Demand for solar energy is heating up across the United States, and the nation's military is becoming one of the sector's major customers. The Department of Defense wants renewable energy to make up at least one quarter of its total energy use by 2025, and solar energy is squarely within its sights. The Military just recently began construction of a solar power plant at Fort Huachuca in Arizona, where solar panels will be installed over 68 acres, constituting the largest solar array of any military base in the U.S. According to the commanding general of the base, Maj. Gen. Robert Ashley, the project reflects the military's commitment to energy security. Whether it be engaged in disaster relief, humanitarian missions or in military operations, the military needs reliable energy that is "off the grid," since public electrical utilities are vulnerable to adverse weather conditions and potential sabotage. The military also needs to be ready for possible disruptions to the oil supply, which could cripple it and the nation's economy. Such risks to national security are turning the armed forces into a vast laboratory for the development of solar technology and the creation of "net-zero" environments, where energy consumption equals the energy created on-site. The military already used solar arrays at fixed-site locations in Afghanistan. By moving to solar power, the military could also avoid the high costs of transporting gasoline to remote areas of the world. In the past, moving gasoline to bases in Afghanistan could cost up to $400 per gallon.
The Obama administration has announced funding for three offshore wind power projects off the New Jersey, Oregon and Virginia coastlines. The administration has pledged up to $47 million for each project to bring a total of 67 megawatts (MW) of green power online. The price tag for all this green power: a staggering $11.75 million per wind turbine. In terms of energy, the twelve offshore wind turbines will cost $2.1 million per MW. But the high price tag has not deterred the Obama administration from funding the costly wind projects. “Offshore wind offers a large, untapped energy resource for the United States that can create thousands of manufacturing, construction and supply chain jobs across the country and drive billions of dollars in local economic investment,” said Energy Secretary Ernest Moniz. According to Windustry, a utility scale wind turbine cost from $1.3 million to $2.2 million per MW. Most “commercial-scale turbines installed today are 2 MW in size and cost roughly $3-$4 million installed.” The Energy Information Administration (EIA) says that the costs of offshore wind power are still high at $204 per megwatthour (MWh) — compared with the costs of onshore wind power at $80 per MWh.
The Idaho couple who created an innovative road surface made of solar panels is back with a prototype, and they’re looking to Indiegogo for additional funding. Scott and Julie Brusaw want to replace traditional asphalt and concrete with impact-resistant solar panels that do double duty as a road surface and an energy source. When the solar roadway concept debuted in 2010, it caught the interest of futurists and government officials. Now the Brusaws have a working prototype covering a 12- by 36-foot parking lot outside the couple’s electronics lab in Idaho. The new panels look quite different from the prototype we saw almost four years ago. The latest design is hexagonal, which allows for better coverage on curves and hills. They’re also heated for easier snow and ice removal, and include LEDs that can display road markings or even messages. According to the Brusaws, the new glass-covered panels have been tested for traction and impact resistance, and can sustain a 250,000-pound load. They’ve even got a video of a tractor driving over the parking lot prototype. This is also the first time the panels have been subjected to real-world road conditions, and the parking lot includes a dedicated channel for drainage and utilities. Up until this point, the project has been financed through a $50,000 private grant and two phases of funding from the Federal Highway Administration. Now, the Brusaws have launched an Indiegogo campaign to raise $1 million for commercialization of their prototypes.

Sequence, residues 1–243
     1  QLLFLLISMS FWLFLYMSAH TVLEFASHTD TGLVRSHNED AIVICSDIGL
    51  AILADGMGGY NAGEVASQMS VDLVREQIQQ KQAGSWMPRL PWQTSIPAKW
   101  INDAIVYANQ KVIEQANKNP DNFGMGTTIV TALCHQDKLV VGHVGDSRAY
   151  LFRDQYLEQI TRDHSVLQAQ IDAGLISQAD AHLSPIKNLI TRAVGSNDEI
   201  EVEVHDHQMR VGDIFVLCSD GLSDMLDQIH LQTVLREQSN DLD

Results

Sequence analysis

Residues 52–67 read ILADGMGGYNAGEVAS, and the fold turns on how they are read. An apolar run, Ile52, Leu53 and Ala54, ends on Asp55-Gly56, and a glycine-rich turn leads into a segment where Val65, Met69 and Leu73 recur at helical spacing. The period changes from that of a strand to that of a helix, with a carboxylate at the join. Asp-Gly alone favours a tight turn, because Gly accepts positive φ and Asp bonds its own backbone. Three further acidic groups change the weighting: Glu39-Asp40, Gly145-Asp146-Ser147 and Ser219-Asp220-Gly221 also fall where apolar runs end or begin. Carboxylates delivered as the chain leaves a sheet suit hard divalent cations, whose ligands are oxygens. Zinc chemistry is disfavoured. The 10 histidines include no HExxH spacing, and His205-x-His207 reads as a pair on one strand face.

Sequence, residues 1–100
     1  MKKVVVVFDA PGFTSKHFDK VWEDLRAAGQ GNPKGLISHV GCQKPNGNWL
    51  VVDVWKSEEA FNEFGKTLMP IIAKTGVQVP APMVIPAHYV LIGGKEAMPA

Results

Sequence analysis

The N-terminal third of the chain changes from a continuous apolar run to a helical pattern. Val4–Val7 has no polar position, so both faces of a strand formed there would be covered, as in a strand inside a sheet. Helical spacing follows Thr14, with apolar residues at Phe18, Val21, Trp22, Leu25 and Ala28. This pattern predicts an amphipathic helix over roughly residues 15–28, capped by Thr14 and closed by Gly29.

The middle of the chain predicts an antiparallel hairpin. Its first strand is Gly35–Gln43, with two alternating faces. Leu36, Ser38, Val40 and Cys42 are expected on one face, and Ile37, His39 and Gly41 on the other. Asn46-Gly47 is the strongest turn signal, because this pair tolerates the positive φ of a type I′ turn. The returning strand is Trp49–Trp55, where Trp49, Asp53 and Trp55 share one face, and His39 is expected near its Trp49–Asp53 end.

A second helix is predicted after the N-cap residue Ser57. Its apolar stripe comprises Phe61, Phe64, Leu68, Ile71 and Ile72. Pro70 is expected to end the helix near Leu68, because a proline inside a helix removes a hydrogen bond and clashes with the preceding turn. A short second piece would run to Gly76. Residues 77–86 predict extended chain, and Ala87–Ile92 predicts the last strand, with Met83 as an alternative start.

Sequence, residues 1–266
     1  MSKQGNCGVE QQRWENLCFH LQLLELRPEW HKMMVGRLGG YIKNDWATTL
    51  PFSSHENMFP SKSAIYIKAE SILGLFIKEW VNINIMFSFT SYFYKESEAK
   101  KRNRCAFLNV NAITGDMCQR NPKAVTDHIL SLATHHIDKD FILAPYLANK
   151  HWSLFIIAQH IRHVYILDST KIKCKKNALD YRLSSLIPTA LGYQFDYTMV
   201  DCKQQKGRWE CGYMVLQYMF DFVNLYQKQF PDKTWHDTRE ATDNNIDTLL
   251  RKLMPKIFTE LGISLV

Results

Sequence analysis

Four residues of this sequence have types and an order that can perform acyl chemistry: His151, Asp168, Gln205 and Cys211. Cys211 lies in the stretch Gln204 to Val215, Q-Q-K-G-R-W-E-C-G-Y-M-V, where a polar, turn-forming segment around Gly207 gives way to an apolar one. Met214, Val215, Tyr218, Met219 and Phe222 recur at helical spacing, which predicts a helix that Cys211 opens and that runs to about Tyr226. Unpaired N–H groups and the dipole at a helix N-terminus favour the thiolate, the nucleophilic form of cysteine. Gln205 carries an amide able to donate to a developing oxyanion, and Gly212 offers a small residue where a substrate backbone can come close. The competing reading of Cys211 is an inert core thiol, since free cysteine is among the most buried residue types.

US Wind power's role in addressing climate change and renewable portfolio standards were major themes at today's opening session of the American Wind Energy Association (AWEA)'s annual conference in Las Vegas. The industry has "huge potential" under the US Environmental Protection Agency (EPA)’s new proposed regulations on emissions from existing power plants, said Tom Kiernan, CEO of AWEA, at Windpower 2014. EPA’s proposed regulations will be unveiled next month, and finalised in June of 2015, Shaun McGrath, administrator of the agency’s Region 8, told the conference. EPA is part of the Obama administration, which has vowed to slash carbon emissions. Wind is currently at a "crossroads", added AWEA’s Kiernan. Next week, an extension of the valuable production tax credit may reach the Senate floor, he noted. And he reiterated the lobbying group’s long-time demand - that wind needs policy stability.
In a breakthrough, scientists have developed a new low cost, efficient and environment-friendly solar cell that uses tin instead of the hazardous lead. Researchers from Northwestern University are among the first to create a solar cell that uses a structure called perovskite, with tin as the light-absorbing material instead of lead. "Exculding the use of lead is a quantum leap in the process of creating a very promising type of solar cell called a perovskite," said Mercouri G Kanatzidis, an inorganic chemist with expertise in dealing with tin. "Tin is a very viable material, and we have shown that it works as an efficient solar cell," said Kanatzidis. Lead perovskite has achieved 15 per cent efficiency and tin perovskite should be able to match - and possibly surpass - this level of efficiency, researchers said. Perovskite solar cells are being touted as the "next big thing in photovoltaics" and have reenergised the field.